25 Sep 20
Earlier this month, the Swiss Federal Tribunal upheld the 2019 CAS Award that World Athletics’ “DSD Regulations”, which use blood testosterone levels as a measure to govern eligibility to participate in certain “female” events, are a lawful way of determining which athletes may compete in those events.
This means that Caster Semenya, a woman with hyperandrogenism (naturally high testosterone levels) cannot compete in either the 800m or 1,500m female events at the highest level unless she takes medication to lower her testosterone levels.
This is a follow-on and update to our previous articles on this subject:
- Banned from Being Yourself which provides background to the DSD Regulations (available here); and
- Classification of Sport – Lessons from Semenya which sets out further detail of the 2019 CAS Award as well as considerations for international federations, governing bodies and regulators in setting their own rules and regulations for gender classification (available here).
The Dispute to Date
By way of recap:
- Caster Semenya and Athletics South Africa (ASA) challenged World Athletics’ (previously known as IAAF) DSD Regulations before the Court of Arbitration for Sport (CAS) in April 2019.
- The DSD Regulations set out blood testosterone levels that must be maintained in order for athletes to be eligible to compete in the female classification of certain restricted athletic events.
- The DSD Regulations were published by World Athletics on 23 April 2018 and were due to come into force on 1 November 2018.
- CAS had to determine whether the DSD Regulations were a legally enforceable means of determining which athletes may compete in seven restricted “female” events at the highest level.
- Remember that Semenya and ASA did not challenge the binary division between “male” and “female” events.
- On 30 April 2019 CAS awarded:
- unanimously, that the DSD Regulations are discriminatory;
- by majority, that such discrimination is a necessary and reasonable means of achieving World Athletics’ aim of preserving the integrity of sporting competition; and
- by majority, that the DSD Regulations were proportionate (for example, testosterone can be lowered by taking a pill, rather than any invasive treatment).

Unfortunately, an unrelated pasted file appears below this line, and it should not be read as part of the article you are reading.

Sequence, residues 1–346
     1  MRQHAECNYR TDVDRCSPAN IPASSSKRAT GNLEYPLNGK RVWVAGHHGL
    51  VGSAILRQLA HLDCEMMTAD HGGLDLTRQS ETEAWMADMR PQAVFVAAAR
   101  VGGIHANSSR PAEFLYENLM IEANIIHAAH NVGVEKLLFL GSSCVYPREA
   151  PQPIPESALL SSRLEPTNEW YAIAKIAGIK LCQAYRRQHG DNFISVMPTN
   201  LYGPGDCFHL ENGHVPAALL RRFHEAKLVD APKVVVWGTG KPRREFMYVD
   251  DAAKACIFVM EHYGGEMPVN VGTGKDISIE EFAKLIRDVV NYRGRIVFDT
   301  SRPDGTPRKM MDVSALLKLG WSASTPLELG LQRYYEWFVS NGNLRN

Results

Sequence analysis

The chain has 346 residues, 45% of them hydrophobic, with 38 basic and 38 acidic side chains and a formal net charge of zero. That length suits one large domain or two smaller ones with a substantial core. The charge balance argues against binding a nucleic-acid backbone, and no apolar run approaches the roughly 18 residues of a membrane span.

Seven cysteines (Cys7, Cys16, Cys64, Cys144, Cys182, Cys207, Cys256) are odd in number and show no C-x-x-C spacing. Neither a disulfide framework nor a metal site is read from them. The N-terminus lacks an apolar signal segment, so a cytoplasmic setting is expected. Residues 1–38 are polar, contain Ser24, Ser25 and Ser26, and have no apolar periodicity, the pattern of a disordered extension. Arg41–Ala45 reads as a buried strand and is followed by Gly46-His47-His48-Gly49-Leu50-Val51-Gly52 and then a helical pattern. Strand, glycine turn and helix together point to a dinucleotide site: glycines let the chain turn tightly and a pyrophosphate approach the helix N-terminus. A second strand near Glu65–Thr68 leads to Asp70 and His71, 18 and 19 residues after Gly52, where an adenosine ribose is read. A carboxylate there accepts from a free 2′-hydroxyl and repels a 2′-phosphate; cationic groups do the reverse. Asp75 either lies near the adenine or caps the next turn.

- CAS required World Athletics to amend the DSD Regulations to apply to a more limited set of five, rather than seven, “female” events. Their effect was then suspended by the SFT pending the outcome of the SFT trial.
Semenya’s Appeal at the SFT
Semenya and ASA challenged the lawfulness of the CAS Award before the Swiss Federal Tribunal (SFT). A challenge against an arbitral award before the SFT can only be made on very narrow grounds: the SFT will not conduct a new hearing on the facts and evidence.
The SFT’s role was to ensure that CAS, in reaching its decision, did not violate any widely recognised principles of public policy, such as the right to a fair trial. These principles are set out in article 190 of the Swiss Private International Law Act (PILA).
On 25 August 2020 the SFT confirmed that the CAS decision is compatible with Swiss public policy. In doing so, the SFT upheld the DSD Regulations as a legitimate and proportionate means of classifying participation in the restricted female events. In reaching its decision, SFT considered that:
- CAS had consulted numerous experts to find that testosterone is the main factor for the difference in performance levels of sexes in athletics.
- In particular, those (including Semenya) with the “46 XY DSD” gene effectively have an advantage over those who do not in the five events now listed under the DSD Regulations.
- Fairness in sport and fairness of competition is fundamentally important and is also widely recognised by the European Court of Human Rights (ECtHR). Innate characteristics can distort the fairness of competition.
- World Athletics’ DSD Regulations do not violate human dignity – athletes remain free to choose to take testosterone-lowering medication to participate in any of the “restricted” female events.
What next for Caster Semenya?
What Caster Semenya decides to do in relation to taking testosterone lowering medication and her sporting career, after having dominated the 800m event over the last decade, is a question only she can answer. She has reportedly been training in the 200m: if she wins medals in this event at the highest level, this switch would lead to an unprecedented dominance across female’s sprint and middle-distance racing.
From a legal perspective, she could still appeal the SFT’s decision to the European Court of Human Rights. This essentially means taking the Swiss state to court to challenge its application of human rights principles. However, such an appeal could take several years and not be a practical solution to an athlete whose time at the elite level is limited, but she and her supporters may determine that the point of principle is worth the time and effort.
Lessons for international sport federations, governing bodies and regulators
World Athletics’ DSD Regulations certainly open the door to a way of classifying athletes based on biological characteristics (to confirm who is eligible to compete in the binary division between “male” and “female” events) for the purposes of fairness and equal opportunity. The SFT stated that ‘it is above all up to the sports federations to determine to what extent a particular physical advantage is likely to distort competition and, if necessary, to introduce legally admissible eligibility rules to remedy this state of affairs.’
However, in doing so, we recommend that governors and regulators of sport remind themselves of the considerations set out in our previous article Classification of Sport – Lessons from Semenya (available here).
For a full PDF version of this article, please click here.